Monday, April 17, 2023

In Christ. . .

Faith is so often misunderstood -- not the tenets of faith but what faith itself is.  The great divide between infant baptism and believers baptism has less to do with what baptism is than how you understand faith.  It matters not what Scripture says, those opposed to infant baptism have decided that faith is an act of the will, a subscription to a certain set of beliefs of truths, a decision made at a moment in time, and an understanding of the self.  Because this defines what faith is, infants and small children cannot possibly have faith and therefore baptism is inaccessible to them.  On the other hand, it is precisely because faith is trust, a trust enabled and empowered not by human will but by the work of the Spirit, that infants and small children must be included in the baptismal command and promise.  That said, too many sacramental Christians have largely succumbed to the idea that faith is more about me than about God.  For us as Lutherans, this is critical.

As long as we listen to those who chart church growth using models of affinity or appeal we will be tempted for forget or diminish the role and work of the Spirit to bring us to faith and sustain that faith through the appointed means of the Word and the Sacraments.  And that is exactly what we have done.  We have subtly shifted the way we worship and the way we talk to try and fit into the parameters of a choice or decision of the will, a reflection of preference or desire, and the realm of individual and personal experience that we are almost embarrassed to hear Luther's explanation of the Third Article of the Creed.

I believe that I cannot by my own reason or strength believe in Jesus Christ, my Lord, or come to Him; but the Holy Ghost has called me by the Gospel, enlightened me with His gifts, sanctified and kept me in the true faith; even as He calls, gathers, enlightens, and sanctifies the whole Christian Church on earth, and keeps it with Jesus Christ in the one true faith; in which Christian Church He forgives daily and richly all sins to me and all believers, and at the last day will raise up me and all the dead, and will give to me and to all believers in Christ everlasting life.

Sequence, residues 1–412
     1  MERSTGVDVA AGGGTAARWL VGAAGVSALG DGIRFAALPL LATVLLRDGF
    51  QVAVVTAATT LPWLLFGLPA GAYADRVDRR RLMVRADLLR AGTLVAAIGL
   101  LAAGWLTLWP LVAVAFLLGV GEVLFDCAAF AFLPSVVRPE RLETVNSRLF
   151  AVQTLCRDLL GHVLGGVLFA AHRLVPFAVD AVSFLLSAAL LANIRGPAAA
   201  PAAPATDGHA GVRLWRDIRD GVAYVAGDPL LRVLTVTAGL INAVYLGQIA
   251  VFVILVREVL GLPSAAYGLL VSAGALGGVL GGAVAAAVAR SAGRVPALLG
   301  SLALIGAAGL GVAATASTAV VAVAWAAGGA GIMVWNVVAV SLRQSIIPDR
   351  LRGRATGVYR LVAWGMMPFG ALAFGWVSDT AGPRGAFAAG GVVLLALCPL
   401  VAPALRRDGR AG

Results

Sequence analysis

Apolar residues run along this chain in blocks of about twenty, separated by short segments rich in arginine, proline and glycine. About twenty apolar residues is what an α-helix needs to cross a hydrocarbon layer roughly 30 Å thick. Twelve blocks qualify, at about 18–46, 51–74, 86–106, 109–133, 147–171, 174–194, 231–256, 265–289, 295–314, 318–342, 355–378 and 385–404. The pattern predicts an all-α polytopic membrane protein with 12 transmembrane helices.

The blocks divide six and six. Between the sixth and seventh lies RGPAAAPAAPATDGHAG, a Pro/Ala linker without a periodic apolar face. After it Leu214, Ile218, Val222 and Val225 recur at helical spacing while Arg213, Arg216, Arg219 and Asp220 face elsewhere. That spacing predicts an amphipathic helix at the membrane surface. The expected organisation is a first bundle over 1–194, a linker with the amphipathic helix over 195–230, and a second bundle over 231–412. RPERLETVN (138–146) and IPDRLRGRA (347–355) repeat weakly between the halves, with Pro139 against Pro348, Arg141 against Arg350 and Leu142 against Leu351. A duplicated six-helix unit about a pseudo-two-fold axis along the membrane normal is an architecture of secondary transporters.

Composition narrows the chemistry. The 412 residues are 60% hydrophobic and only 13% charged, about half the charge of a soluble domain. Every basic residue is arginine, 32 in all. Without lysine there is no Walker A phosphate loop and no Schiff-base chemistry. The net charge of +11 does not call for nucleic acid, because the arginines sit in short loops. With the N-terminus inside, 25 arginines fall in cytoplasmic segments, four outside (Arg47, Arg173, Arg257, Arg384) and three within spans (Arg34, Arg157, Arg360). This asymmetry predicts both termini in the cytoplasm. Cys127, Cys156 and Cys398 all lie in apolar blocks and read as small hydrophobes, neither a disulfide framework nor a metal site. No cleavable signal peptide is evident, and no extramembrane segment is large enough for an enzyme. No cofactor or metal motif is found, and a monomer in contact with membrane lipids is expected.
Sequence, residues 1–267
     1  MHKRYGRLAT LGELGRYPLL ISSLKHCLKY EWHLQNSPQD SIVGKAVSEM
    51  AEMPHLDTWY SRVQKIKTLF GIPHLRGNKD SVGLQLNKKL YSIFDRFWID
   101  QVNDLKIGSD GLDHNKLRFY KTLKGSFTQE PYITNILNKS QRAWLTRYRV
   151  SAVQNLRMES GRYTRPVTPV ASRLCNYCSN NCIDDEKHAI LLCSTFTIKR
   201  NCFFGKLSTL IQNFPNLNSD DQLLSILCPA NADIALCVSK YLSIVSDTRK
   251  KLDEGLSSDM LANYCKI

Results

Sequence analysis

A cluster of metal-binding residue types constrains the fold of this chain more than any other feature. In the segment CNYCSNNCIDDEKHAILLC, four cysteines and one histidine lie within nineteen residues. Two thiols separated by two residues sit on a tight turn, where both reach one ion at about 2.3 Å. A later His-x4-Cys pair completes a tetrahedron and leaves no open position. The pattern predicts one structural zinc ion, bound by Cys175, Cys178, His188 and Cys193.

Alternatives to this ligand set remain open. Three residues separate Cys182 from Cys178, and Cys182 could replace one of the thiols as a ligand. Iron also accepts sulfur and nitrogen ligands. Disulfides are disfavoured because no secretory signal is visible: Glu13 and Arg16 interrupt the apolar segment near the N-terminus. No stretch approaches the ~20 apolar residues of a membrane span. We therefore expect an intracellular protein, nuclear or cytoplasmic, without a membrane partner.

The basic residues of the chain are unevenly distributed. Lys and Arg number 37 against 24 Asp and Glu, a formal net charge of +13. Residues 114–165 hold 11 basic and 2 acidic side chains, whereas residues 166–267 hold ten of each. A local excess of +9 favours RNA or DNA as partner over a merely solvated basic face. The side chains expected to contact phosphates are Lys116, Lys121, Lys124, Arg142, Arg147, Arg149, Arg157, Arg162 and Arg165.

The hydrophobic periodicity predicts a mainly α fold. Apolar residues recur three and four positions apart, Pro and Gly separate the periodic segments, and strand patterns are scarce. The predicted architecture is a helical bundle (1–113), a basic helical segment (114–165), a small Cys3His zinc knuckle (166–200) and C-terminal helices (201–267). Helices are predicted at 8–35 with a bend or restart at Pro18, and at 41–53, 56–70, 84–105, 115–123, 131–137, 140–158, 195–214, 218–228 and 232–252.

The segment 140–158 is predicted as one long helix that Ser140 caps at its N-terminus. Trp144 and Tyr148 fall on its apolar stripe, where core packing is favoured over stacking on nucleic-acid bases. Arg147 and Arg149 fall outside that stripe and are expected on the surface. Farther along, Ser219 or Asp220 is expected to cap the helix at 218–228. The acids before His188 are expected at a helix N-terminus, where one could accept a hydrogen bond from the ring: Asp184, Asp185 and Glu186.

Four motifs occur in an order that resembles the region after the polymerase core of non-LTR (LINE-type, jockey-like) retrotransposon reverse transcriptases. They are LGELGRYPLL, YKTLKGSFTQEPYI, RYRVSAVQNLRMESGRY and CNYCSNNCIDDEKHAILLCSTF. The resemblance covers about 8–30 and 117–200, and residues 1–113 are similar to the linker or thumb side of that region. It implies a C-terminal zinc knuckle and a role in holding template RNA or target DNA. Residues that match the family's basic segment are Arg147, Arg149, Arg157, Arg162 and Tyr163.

We have come to trust in our efforts more than the work of the Spirit and we have accepted the whole idea that the Church is merely some voluntary association for those who desire it and not essential to believing or to the sustenance of that faith.  Why else would we keep as members people who have not darkened the doors of the Church for ages or who come only once in a blue moon?  Why else would hesitate to tell those who do not attend that it is sinful to absent themselves from the preaching of the Word and the fellowship of the Table?  Why else would we replace the centrality of altar and pulpit with mood music and inspirational talks that focus more on the improvement of this life than obtaining eternal life?  Why else would we accept the reality that many of our folks live as virtual strangers to the sound of God's voice in His Word and seek an experience or an emotion as sign and ground of their faith?

Faith is not primarily the subscription to a set of fixed belief statements nor is it living according to rules of behavior.  Faith is trust in Christ, trust bestowed by the power of the Holy Spirit working through the means of grace.  The life of faith is not a life of rule keeping or tracking propositions of what is believed but living in Christ the new life He has bestowed in Baptism and which He maintains by your life around the Word, absolution, and the Eucharist. 

The life of holiness we are given and to which we have been called is not some set of behavioral rules we can argue about.  It means living in Christ as His, His new creation.  This Christian life is the experience of grace in every aspect of our living and not within some neatly defined compartments or behind the convenient walls of sacred and secular.  The dogmatic content of the Church's teaching is the expression of this new creation and life -- building knowledge and understanding to be sure, but mostly to build trust in the mercy of God, the wisdom of God, the order of God, and the promise of God.  This does not in any way diminish doctrinal statements or confessions or creeds but places them within the obvious context of worship and life.  Martin Franzmann said that theology must sing, that all true theology is doxology.  This is where we live as the new people born of the baptismal womb by the power of the Spirit.  When we dislocate this doctrinal truth from this context, it becomes merely a set of truth propositions to be agreed upon or a set of rules we must follow.